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Bishop Ronald A. Hicks Named as Sixth Bishop of the Diocese

An Opportunity to Begin Anew

After what felt like an eternity of being on the phone with someone at an IT help desk, the voice on the other end flatly said to me, “Well, I am not sure. Maybe it would be best just to unplug your computer and start over.” Skeptically, I followed the advice and, to my delight, it worked. The computer rebooted and was working again. I was ready to “start-over.” If only life were so easy!

The year 2020 is now behind us. As it ended, many of us felt we were more than ready to “unplug” and start all over again. While the new year gives us the opportunity to begin anew, we certainly should not forget our past, especially this last year.   

Speaking of the year 2020, do you remember what you did to ring in the new year on New Years’ Eve in 2019? I distinctly remember being at the hospital. My dad had knee replacement surgery. He had astutely crunched the numbers and realized it was to his economic advantage to have his operation in 2019 since he and my mom had met the deductible amount for their insurance coverage. So there we were in the hospital on Dec. 31, 2019. 

Overall, the surgery was successful, and my father remains extremely pleased and grateful for his new knee. However, immediately after the procedure, there were a few minor complications that required him to spend the night in the hospital. He asked me to stay overnight at their house that night to be with my mom. I happily obliged.

That evening, I celebrated Mass for my mom. She gladly read all the readings and even prepared some beautiful and heartfelt prayers of the faithful. She then made a delicious meal, followed by my devouring too many Christmas cookies that still abounded in her house. We then proceeded to spend the rest of the evening watching television. 

Even though we did not stay up until midnight to watch the ball drop, almost all of the TV shows that night asserted the same theme: namely, that we were about to welcome in the year 2020 and that “20/20” means “perfect vision” or “seeing clearly.” No glasses or contacts needed! They purported and predicted that 2020 would clearly be a great, or perhaps even a perfect year for all!  

Hmmm? Their crystal-ball predictions remind me of Jesus’ warning in the Gospel of Matthew 24:36, “But about that day and hour no one knows, neither the angels of heaven, nor the Son, but only the Father.”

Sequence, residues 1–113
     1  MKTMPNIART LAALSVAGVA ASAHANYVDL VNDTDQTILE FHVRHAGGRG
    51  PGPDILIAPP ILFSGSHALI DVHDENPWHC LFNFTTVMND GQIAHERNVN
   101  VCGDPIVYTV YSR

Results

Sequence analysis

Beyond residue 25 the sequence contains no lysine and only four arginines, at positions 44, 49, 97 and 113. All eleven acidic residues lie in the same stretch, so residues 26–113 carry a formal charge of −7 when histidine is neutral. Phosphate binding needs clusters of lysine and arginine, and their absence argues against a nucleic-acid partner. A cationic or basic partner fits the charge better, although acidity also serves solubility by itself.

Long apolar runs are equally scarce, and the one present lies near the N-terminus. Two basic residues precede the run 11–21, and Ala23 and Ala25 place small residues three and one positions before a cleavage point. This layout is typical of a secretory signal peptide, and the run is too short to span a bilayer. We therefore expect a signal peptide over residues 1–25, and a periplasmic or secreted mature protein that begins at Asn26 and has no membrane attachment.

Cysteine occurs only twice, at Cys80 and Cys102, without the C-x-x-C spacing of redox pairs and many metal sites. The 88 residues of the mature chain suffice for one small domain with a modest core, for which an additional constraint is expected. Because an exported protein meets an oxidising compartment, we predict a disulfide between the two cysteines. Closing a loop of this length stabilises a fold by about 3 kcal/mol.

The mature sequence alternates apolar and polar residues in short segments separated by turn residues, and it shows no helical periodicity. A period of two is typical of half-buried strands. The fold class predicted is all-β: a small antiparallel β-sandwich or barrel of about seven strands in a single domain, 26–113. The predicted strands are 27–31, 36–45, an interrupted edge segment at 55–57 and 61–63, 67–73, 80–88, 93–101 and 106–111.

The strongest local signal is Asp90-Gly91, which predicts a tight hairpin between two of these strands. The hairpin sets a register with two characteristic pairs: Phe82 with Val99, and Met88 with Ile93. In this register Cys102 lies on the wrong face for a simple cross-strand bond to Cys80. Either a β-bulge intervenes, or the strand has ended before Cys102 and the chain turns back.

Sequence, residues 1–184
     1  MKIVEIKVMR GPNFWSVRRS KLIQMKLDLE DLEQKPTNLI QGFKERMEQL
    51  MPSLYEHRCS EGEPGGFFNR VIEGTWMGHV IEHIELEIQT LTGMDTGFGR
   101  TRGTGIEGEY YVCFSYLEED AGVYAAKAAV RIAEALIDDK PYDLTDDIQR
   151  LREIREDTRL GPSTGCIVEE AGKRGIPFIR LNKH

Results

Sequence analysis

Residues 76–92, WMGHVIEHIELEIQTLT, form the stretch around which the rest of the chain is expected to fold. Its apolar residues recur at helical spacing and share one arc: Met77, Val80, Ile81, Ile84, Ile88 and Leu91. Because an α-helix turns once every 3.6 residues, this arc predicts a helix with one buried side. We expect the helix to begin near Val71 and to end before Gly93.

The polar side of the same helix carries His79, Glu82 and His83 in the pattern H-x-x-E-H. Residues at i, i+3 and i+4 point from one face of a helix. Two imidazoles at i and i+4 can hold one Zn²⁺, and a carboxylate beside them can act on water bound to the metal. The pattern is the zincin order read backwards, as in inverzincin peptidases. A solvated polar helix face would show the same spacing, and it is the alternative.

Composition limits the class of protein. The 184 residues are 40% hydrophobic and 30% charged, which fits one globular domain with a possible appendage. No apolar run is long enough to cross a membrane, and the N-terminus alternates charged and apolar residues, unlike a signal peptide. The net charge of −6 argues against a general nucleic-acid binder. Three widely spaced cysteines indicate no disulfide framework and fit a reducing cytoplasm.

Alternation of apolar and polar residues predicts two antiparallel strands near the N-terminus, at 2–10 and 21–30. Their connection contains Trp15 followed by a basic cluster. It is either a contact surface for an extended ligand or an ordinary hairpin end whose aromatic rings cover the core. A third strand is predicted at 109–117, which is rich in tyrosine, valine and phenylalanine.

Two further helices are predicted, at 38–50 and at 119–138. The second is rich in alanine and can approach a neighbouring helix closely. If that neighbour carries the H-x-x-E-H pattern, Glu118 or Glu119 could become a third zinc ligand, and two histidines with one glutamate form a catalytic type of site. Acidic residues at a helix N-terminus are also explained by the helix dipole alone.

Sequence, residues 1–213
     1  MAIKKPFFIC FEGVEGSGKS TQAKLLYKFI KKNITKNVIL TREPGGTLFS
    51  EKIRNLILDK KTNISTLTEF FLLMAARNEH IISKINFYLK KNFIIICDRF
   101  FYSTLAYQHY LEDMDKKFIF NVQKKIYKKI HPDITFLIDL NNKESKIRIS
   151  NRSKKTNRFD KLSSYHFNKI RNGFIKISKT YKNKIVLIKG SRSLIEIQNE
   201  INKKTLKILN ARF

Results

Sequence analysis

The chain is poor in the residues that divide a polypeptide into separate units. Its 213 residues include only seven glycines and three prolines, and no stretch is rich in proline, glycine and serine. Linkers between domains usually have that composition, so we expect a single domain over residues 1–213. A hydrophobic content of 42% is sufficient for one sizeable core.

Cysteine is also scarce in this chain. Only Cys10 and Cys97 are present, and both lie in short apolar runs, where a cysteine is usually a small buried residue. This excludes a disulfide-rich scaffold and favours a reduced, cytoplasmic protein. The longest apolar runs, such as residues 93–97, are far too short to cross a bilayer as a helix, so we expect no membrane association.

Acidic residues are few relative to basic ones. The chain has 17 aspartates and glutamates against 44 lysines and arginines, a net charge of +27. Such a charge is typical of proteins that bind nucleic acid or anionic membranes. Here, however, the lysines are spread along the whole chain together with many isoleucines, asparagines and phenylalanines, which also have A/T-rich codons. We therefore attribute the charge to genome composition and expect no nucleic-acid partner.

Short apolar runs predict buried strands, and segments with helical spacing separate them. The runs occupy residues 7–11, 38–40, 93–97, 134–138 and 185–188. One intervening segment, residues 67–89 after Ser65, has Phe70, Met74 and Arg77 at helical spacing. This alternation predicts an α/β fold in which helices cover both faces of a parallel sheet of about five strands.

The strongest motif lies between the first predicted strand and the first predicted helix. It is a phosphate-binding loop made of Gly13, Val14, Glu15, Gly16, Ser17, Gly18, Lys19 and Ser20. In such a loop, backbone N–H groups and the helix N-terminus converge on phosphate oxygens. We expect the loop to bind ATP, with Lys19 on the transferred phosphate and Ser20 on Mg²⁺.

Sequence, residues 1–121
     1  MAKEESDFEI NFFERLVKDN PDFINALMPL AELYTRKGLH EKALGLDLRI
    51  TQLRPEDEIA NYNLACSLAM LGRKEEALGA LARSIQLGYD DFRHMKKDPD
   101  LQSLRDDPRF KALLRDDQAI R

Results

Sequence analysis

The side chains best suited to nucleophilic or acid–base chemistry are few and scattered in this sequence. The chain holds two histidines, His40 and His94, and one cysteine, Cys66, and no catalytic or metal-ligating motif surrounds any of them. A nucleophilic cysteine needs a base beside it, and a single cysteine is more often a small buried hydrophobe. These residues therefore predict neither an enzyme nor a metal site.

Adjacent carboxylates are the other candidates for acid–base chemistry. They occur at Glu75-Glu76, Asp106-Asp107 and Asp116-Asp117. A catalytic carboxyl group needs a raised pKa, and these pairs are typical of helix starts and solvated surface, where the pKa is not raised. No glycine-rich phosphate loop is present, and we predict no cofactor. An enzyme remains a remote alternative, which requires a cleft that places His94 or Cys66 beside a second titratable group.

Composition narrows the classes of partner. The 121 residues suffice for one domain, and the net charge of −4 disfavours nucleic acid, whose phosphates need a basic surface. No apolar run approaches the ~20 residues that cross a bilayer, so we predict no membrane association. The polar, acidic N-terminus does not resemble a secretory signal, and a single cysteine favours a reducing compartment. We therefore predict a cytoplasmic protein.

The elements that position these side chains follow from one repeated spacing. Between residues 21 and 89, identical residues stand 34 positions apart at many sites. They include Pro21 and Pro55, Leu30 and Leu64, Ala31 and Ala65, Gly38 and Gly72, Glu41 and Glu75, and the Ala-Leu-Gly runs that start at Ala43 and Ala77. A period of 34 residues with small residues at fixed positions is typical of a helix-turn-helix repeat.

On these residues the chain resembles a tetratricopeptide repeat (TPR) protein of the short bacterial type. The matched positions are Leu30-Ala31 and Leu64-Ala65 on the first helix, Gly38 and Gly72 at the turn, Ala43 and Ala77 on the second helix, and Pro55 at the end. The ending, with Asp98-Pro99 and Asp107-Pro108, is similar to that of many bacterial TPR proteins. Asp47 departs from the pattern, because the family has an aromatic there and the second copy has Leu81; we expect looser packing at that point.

The year 2020 did not turn out exactly as anticipated. Before entering fully into this year 2021, let us take a moment to look back at 2020 and reflect by asking ourselves: what were some of the lessons learned? Amid the darkness, where did we see light? What blessings surprised us and should be counted by giving thanks to God?

Fast forward to the present; how did you ring in 2021? Collectively, I think it is safe to say that many of us hoped and prayed that this new year would be better than the last. However, we should never forget the past or try to erase our sufferings. Instead, we put our faith in Christ, who is the same yesterday, today and tomorrow. 

In other words, as written in the Book of Revelation 21:4-5 “And God will wipe away every tear from their eyes; there shall be no more death, nor sorrow, nor crying. There shall be no more pain, for the former things have passed away. Then He, who sat on the throne said, ‘Behold, I make all things new.’ ” 

As we begin the new year, we need to remain steadfast with our prayer and never lose hope. And it is not a naïve hope that forgets the suffering of the past or sugarcoats the days to come. As St. Thérèse of Lisieux wrote, “For me, prayer is a surge of the heart; it is a simple look towards heaven. It is a cry of recognition and of love, embracing both trial and joy.” 

Therefore, it is not a matter of just pulling the plug and starting all over as we cross our fingers hoping that all will be great, or even perfect this new year. Life combines experiences of both suffering and joy; both the cross and the resurrection. And yet, every new year and, alas, every new day reminds us that God is always with us. We are beloved daughters and sons of God. Therefore, we are never abandoned and believe that we are lovingly accompanied by Christ.

In that same spirit, let us continue to accompany one another, especially the most needy and vulnerable among us. Let us also continue to pray for each other as with faith and hope we implore, “Come Holy Spirit, come” – for, with God and each other, 2021 is truly an opportunity to begin anew.